Are those extra pounds little Johnny is carrying just a little baby fat, or are they indicative of a more serious problem? The startling truth is that in America nearly one child in five is obese or overweight.

Childhood obesity – when a child is well above the normal weight for his or her age and height – is a serious medical condition that affects children and adolescents. The condition is particularly problematic because it often starts kids on the path to health problems that were once confined to adults: diabetes, high blood pressure and high cholesterol.

The primary cause of childhood obesity is simple. Children are taking in too many calories and not burning off enough. Other causes may include:

  • Genetics. A child coming from a family of overweight people may be genetically predisposed to putting on excess weight. The problem is compounded when there is a family lifestyle of low activity and a household with an abundance of high-calorie food on hand.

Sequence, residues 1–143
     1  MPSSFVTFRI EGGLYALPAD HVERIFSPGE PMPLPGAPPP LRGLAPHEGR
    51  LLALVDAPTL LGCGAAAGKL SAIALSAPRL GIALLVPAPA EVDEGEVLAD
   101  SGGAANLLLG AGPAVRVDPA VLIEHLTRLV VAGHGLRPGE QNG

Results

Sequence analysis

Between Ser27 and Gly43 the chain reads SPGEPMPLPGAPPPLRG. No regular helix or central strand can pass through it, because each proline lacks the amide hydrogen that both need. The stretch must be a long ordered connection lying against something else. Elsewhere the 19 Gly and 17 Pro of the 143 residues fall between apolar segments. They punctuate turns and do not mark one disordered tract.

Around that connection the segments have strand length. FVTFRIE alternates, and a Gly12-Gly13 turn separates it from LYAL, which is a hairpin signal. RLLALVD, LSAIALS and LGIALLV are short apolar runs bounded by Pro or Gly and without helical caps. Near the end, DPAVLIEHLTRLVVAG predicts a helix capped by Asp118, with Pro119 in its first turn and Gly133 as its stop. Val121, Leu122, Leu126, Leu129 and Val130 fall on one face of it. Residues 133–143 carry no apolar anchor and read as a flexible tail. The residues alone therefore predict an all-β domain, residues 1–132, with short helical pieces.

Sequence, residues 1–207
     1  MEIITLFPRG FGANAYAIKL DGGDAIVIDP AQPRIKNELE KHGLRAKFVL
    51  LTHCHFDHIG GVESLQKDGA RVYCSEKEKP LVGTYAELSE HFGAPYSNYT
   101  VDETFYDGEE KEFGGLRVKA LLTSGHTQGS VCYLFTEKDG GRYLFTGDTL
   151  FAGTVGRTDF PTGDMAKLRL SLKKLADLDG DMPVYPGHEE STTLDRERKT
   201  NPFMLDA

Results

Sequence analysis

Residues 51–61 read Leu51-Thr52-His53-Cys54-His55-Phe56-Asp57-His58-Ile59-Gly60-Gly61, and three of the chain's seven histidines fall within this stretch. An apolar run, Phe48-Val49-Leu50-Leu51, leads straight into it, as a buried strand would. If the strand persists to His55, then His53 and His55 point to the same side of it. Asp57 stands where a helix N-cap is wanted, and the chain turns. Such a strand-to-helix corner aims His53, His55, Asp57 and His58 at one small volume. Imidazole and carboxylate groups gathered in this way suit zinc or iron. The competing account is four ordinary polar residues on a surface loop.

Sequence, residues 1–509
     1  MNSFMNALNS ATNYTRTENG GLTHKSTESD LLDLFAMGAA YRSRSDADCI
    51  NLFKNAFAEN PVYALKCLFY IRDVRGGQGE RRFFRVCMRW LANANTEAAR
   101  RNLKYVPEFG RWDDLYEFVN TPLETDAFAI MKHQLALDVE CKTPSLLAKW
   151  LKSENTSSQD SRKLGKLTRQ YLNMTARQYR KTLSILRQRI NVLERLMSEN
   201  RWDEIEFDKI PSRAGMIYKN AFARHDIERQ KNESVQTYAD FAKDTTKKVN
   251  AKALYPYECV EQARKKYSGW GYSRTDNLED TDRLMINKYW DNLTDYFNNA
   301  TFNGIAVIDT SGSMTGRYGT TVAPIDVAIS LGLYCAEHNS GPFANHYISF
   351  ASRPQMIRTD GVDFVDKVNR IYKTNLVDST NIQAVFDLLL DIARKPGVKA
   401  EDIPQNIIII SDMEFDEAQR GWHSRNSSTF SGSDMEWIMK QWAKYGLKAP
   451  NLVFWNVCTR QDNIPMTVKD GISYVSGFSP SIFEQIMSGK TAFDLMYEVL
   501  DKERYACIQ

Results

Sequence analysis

• Psychological factors. Some children overeat to cope with stress or boredom. Often they are following a pattern set by parents who use food as a coping mechanism.
  • Socioeconomic factors. Children from low-income families have a higher tendency for obesity because high-calorie, fatty foods are more easily available and cost much less than healthier options. Also, many lower-income neighborhoods do not have stores that carry fresh produce.
  • Regardless of the cause of the weight problem, it is vital to the child’s well-being to shed those extra pounds. In addition to health problems, obesity can lead to social problems due to bullying and teasing by peers, behavior and learning problems, and depression.

    Treatment will vary depending on the child’s age, the severity of the weight problem, and whether or not there are other medical conditions present.

    In most cases, treatment is as simple as reducing the number of calories consumed each day and increasing the level of activity.

    If you have concerns about your child’s weight, consult with your health care provider.